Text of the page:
Gingival crevicular fluid flow rate and alkaline phosphatase level as potential marker of active tooth movement.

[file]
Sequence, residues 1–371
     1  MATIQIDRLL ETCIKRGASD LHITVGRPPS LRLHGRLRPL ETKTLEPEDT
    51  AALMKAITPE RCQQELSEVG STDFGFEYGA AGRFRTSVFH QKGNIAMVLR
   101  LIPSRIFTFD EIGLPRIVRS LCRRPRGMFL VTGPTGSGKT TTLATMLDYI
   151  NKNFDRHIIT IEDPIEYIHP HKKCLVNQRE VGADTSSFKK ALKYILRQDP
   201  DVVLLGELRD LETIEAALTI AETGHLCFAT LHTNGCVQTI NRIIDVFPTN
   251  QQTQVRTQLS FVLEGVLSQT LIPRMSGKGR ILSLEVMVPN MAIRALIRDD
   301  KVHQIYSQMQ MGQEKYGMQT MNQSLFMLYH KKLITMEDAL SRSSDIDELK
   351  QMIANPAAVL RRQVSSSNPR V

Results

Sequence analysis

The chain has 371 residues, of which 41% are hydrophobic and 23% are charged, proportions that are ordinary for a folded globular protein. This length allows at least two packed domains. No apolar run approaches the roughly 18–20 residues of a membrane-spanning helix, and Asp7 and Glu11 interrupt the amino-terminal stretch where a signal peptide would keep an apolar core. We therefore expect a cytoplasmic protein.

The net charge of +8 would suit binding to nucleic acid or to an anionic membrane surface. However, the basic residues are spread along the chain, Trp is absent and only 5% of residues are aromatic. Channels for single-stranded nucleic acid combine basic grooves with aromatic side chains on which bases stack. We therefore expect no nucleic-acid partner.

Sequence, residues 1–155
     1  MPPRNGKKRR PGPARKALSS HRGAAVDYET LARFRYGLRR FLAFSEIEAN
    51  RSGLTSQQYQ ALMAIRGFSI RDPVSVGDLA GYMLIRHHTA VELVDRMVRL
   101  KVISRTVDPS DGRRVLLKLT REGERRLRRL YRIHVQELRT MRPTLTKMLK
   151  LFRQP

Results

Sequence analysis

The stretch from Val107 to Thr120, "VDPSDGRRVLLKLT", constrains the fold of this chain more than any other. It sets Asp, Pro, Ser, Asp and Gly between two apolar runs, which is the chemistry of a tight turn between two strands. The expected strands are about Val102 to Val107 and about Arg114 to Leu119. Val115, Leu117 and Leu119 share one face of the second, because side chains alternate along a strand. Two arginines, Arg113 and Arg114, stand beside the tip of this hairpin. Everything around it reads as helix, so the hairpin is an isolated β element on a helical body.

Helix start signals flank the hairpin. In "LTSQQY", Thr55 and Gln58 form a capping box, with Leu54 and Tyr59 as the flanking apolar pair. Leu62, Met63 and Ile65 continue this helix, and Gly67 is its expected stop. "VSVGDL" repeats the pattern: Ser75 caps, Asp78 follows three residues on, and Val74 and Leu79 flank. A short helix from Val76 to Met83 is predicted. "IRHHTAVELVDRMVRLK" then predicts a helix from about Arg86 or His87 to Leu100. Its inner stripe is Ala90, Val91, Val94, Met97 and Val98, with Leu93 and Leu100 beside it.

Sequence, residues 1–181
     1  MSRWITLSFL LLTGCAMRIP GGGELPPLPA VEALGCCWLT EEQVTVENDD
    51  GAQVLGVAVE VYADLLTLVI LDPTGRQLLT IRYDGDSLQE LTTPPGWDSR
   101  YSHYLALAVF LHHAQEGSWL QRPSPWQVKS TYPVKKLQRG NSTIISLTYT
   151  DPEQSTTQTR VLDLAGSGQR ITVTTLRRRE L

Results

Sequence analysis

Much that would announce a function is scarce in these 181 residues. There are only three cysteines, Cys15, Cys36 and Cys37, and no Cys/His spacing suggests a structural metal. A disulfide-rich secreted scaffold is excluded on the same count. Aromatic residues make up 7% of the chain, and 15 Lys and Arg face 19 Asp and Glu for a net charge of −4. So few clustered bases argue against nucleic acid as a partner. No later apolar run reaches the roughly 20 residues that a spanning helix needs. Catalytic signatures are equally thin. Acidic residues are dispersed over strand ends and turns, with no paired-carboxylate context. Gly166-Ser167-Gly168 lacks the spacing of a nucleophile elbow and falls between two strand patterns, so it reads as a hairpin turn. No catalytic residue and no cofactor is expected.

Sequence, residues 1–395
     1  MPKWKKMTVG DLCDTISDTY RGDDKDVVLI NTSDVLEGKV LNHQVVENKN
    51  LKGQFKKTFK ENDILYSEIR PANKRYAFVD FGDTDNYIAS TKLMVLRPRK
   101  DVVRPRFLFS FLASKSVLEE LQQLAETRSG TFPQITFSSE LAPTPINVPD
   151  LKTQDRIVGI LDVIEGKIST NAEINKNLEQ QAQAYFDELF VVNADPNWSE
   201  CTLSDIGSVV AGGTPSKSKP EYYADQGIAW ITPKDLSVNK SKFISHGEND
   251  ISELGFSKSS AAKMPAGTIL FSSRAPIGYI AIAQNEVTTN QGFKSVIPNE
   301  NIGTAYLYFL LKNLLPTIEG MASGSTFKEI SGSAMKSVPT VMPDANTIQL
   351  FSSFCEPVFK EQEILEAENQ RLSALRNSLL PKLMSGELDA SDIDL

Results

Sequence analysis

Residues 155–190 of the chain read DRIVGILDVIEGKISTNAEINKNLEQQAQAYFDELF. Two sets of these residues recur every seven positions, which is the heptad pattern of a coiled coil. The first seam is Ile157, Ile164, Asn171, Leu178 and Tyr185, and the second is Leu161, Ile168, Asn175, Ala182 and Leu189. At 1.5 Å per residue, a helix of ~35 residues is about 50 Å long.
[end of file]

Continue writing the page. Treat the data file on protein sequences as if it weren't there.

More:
Glycosaminoglycans (GAG) in gingival crevicular fluid (GCF) samples were determined by cellulose acetate electrophoresis and densitometric scanning. Two GAG bands, hyaluronic acid and chondroitin-4-sulphate (C4S), were detected in GCF from implants, similar to the profile from teeth. High GCF volumes and GAG contents, notably C4S, may reflect postoperative alveolar bone responses, particularly resorption, at different stages of healing and function of successful implants. They may also indicate adverse tissue changes in failing implants. A comparison of crowned implants and matched teeth suggests that the periodontal ligament contributes to the GCF GAG profile. This may be a useful laboratory method of monitoring implants to detect adverse tissue responses at an early stage.